The Christian Home Part II -- By: Gene A. Getz
BSac 126:502 (Apr 69) p. 109
The Christian Home
Sociologists and psychologists who approach marriage and family relationships from a purely naturalistic frame of reference believe that this important social unit, as we know it today, has resulted from a process of evolution. To them all the rules, regulations, and ideals set forth for successful family living have been ground out of the mill of human experience. The theory is that the more we know of man—his psychological makeup, his tensions, his concerns—the better we can solve family problems.
Consequently, never in the history of the human race has there been more written on the subject of marriage and family living. Never before has the home as a social unit been the subject of so many scientific investigations. Marriage counselors are legion, and child guidance clinics are on the increase. Knowing these things, apart from a realistic view of the world in which we live, would lead one to believe that problems in the home must surely be decreasing year by year as man discovers more and applies his wisdom to our social ills.
But such is not the case. Those who have carefully studied the family are the first to admit that the home is a disintegrating social unit in the American society. They note with alarm the need for reform, but their words are like “sounding brass” and “tinkling cymbals” to the ears of most people.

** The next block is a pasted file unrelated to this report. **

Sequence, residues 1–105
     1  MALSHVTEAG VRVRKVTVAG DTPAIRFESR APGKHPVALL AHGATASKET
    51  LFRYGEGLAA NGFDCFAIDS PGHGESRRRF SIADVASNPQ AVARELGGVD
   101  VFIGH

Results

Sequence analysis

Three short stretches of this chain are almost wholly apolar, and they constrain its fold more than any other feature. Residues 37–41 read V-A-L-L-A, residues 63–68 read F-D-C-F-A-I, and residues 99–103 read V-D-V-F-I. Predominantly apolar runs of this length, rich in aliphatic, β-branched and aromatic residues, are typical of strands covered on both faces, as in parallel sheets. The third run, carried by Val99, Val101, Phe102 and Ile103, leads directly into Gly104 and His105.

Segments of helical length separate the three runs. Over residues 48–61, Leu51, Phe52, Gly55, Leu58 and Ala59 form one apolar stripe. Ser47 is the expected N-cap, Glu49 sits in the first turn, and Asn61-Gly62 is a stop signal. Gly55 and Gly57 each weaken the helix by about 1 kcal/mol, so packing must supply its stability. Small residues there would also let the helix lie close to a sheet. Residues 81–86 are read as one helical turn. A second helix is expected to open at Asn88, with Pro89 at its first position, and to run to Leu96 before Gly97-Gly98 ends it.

The thinking Christian sees these problems as serious, for he sees in the home the strength of the nation. He realizes that marriage and family living have not evolved but have been instituted by the Creator of the universe. He also knows that the family unit must run according to God’s rules—His laws as found in the Holy Scriptures. Though psychological knowledge may contribute to an understanding of the family’s
BSac 126:502 (Apr 69) p. 110
problems, only the Word of God has ultimate and lasting solutions.
There are many problems and concerns in family living which are treated in the Word of God. However, the Bible says more about children—their nature, their training, their problems—than any other subject related to the Christian home. This in itself speaks of the importance of child life.
This article is devoted to some of the most significant teachings in the Scripture regarding this area of family living.
I. Children Are from God
When Eve gave birth to her first son, Cain, she testified, “I have gotten a man from the LORD” (Gen 4:1). The miracle of birth is a gift of God. Every child born into this world is a testimony to His marvelous handiwork.
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